Recommending books can be a tricky thing—especially when the books are sad. It isn’t easy to explain to a friend that he or she simply must read a book because (or even though) it’s so marvelously depressing. Nevertheless, three of the best books I’ve read of late have, indeed, been less than uplifting. Grab some tissues and jump in.
The House on Fortune Street
Margot Livesey set herself a writerly challenge when she crafted The House on Fortune Street. Each of the four interlocking sections of her story is informed by the work and lives of the authors of classic literature—Keats, Carroll, Charlotte Bronte, and Dickens, respectively. It’s a device that could have easily overwhelmed Livesey’s story; instead, it quietly but persistently enriches the tale.
The structure and complexity of the story are a challenge to summarize succinctly. Arguably, it is Dara, whose story is detailed in the book’s third section, who is at the nexus of the novel. It is both her story and her dramatic action that tie together the stories of her friend Abigail, her father, and Abigail’s boyfriend Sean.
The other connecting thread, as is hinted at in the book’s title, is the role of fortune in our lives. Livesey lays bare the ways luck, good, and ill, can instantly and irrevocably change our lives. Her themes and influences are explicit, but her touch is light and her central characters never seem like mere vessels for her ideas.
Rather, each character—lonely Sean, troubled Cameron, sensitive Dara, and rapacious Abigail—feels real and recognizable, even in their most extreme moments. Notably, Livesey accomplishes all of this while maintaining a prose style that might be described as breezy and charming were the book’s story lighthearted.
Indeed, Livesey’s greatest accomplishment may well be the great readability of this sad, twisty novel. Once inside The House of Fortune Street, the reader is treated to an excellent novel that is highly recommended.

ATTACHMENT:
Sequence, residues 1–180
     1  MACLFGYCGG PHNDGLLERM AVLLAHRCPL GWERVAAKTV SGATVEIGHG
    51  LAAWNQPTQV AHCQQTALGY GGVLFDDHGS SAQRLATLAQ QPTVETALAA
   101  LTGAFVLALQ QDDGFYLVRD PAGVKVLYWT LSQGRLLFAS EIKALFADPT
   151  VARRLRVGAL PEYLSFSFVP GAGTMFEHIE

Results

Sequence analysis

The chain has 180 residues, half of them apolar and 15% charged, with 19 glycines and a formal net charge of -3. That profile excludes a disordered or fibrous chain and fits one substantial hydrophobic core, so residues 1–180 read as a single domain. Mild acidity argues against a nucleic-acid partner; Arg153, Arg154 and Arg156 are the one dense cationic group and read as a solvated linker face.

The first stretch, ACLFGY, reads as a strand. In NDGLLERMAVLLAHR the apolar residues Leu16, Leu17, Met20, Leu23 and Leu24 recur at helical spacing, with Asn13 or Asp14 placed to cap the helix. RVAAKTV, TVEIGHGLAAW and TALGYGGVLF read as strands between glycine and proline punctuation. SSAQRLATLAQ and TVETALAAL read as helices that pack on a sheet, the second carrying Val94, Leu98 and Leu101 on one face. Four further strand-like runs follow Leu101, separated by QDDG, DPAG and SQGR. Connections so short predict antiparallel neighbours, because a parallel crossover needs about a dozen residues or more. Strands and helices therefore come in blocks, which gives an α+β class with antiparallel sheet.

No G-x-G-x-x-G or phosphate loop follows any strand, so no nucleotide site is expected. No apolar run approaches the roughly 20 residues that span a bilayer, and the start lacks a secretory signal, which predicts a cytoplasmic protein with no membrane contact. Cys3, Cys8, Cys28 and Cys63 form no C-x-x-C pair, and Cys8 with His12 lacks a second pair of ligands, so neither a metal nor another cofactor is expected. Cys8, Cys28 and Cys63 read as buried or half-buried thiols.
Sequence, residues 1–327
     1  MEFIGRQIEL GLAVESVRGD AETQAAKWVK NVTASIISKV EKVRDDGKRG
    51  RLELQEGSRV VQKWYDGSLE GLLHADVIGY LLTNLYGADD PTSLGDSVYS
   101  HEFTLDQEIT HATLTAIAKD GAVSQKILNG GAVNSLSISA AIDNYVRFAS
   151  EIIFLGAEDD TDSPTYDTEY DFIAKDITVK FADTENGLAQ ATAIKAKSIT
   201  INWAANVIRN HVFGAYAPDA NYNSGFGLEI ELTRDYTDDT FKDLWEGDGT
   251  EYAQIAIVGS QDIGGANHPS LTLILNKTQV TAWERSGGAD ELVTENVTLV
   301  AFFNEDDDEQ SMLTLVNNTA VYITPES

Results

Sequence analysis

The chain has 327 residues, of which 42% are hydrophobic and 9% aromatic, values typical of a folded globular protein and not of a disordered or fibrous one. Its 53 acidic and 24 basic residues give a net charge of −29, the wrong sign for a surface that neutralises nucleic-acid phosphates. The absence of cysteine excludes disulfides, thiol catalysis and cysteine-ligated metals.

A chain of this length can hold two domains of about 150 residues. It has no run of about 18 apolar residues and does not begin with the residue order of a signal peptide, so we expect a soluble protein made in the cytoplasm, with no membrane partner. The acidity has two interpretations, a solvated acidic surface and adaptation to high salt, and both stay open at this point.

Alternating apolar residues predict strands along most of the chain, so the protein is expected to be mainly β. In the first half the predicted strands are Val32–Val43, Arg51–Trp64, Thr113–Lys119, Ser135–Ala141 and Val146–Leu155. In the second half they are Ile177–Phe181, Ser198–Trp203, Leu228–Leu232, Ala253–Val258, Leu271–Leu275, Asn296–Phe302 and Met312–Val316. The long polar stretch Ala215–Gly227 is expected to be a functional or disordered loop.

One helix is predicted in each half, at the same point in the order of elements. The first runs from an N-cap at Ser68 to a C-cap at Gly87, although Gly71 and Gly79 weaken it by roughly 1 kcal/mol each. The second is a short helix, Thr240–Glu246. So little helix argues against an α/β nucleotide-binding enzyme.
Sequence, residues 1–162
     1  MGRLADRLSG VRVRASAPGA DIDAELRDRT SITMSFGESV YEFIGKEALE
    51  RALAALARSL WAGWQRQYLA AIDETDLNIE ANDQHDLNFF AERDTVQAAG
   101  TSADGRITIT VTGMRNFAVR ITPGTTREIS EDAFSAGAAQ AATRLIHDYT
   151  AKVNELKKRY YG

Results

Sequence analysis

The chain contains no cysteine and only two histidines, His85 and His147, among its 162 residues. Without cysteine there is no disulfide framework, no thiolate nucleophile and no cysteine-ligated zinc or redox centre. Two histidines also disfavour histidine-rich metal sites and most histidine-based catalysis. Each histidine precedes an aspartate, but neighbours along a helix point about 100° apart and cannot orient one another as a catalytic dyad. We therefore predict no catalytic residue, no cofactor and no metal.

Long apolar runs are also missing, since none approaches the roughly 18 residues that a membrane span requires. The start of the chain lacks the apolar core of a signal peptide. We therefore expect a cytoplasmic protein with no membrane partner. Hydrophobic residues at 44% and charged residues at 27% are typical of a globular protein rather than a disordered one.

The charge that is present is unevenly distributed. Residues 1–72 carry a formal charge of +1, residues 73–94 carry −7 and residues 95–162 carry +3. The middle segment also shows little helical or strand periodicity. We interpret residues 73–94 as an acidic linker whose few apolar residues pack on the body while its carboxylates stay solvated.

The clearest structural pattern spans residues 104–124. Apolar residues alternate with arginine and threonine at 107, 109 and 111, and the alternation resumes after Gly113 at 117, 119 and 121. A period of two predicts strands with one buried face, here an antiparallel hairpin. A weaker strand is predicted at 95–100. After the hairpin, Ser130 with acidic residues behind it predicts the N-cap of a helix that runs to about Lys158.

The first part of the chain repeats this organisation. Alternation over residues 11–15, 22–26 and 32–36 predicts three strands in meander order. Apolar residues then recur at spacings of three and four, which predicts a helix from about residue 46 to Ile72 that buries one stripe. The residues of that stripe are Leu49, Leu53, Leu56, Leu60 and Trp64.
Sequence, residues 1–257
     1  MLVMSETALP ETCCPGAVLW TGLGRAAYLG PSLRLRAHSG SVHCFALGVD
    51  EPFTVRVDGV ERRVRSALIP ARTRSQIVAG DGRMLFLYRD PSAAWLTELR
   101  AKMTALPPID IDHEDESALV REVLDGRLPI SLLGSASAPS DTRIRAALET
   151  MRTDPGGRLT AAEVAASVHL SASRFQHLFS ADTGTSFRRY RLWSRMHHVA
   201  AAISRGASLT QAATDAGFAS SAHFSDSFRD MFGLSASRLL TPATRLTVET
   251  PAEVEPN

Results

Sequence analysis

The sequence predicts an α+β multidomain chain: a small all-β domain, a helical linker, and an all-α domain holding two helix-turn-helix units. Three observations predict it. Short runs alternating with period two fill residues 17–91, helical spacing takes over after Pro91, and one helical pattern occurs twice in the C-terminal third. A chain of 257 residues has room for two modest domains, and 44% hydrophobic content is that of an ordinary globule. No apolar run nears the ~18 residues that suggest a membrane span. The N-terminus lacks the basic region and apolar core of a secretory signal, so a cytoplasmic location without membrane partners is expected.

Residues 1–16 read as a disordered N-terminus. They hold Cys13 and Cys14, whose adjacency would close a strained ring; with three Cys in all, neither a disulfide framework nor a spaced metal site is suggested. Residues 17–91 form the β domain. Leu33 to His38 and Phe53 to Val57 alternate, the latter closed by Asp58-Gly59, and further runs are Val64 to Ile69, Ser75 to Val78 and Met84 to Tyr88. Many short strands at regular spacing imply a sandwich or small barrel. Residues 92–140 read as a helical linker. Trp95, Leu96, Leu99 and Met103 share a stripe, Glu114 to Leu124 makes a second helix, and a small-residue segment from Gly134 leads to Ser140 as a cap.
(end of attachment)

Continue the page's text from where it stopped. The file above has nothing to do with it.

When I started Charles Bock’s Beautiful Children, Alice Sebold’s The Lovely Bones was much on my mind. I had recently finished Sebold’s novel about a family coping with the loss of a child and knew that Bock’s book was built around a similar plot point. But Sebold’s novel—both lyrical and grounded in a sadness that is leavened with what might be deemed a whimsical, redemptive storyline—stands in tonal opposition to Bock’s debut effort, which is an aggressive, gritty, ambitious novel that is arguably grounded in unredeemed despair.
The book revolves around the disappearance of a churlish 12-year-old boy in Las Vegas. Eschewing a straightforward narrative, Bock takes his reader through the underside of both the city and his characters’ emotions as he shifts perspectives, manipulates time, undermines convention, and challenges readers.
The challenges are twofold, because in addition to the twists and turns of his structure, Bock is unblinking in his portrayal of the plight of runaways. He forces his audience to confront unpleasant realities, skillfully making the reader complicit in the dire situations he portrays with unflinching explicitness. This is a novel that holds all of us accountable for a hidden world we may fear but strive to ignore.
In that sense—as well as in a purely aesthetic sense, for the book is also beautiful—Beautiful Children truly earns a label I ascribe to books rarely and with caution: This is an important book.
The Scenic Route
Riding along with Sylvia and Henry, new lovers on the road in Europe, I felt like a third wheel. Since, as a general rule, no one likes to be the third wheel, I wasn’t at all sure I liked Binnie Kirshenbaum’s novel The Scenic Route. But while this road trip might get off to a bit of a stuttering start and the path might be unclear for much of the middle section, the final destination is impressive, indeed.
Sylvia is, in effect, a narrator doing double duty. She’s telling the story of her relationship with Henry, a married man with cash to burn, and she’s also telling stories to Henry. Like the loosely defined route the lovers take on their journey, Sylviastories have a rambling quality that often left me wondering where we were headed and if I cared to go.
What propelled me forward was Sylvia’s distinct voice. Kirshenbaum has accomplished something surprisingly rare, even among books written in the first person: She’s created a pattern of speech that uniquely belongs to her character. An intrusive, imagined second voice—that of Sylvia’s friend Ruby—provides deftly inserted commentary, as well.
Equally importantly, it is clear in retrospect that while the reader might not easily map out the book’s course, Kirshenbaum is in fact a skilled navigator. As the strands of the stories Sylvia has been telling start to intertwine into a meditation on regret, they lead inexorably to the book’s devastatingly effective closing passages. It’s a bravura performance and well worth the ride.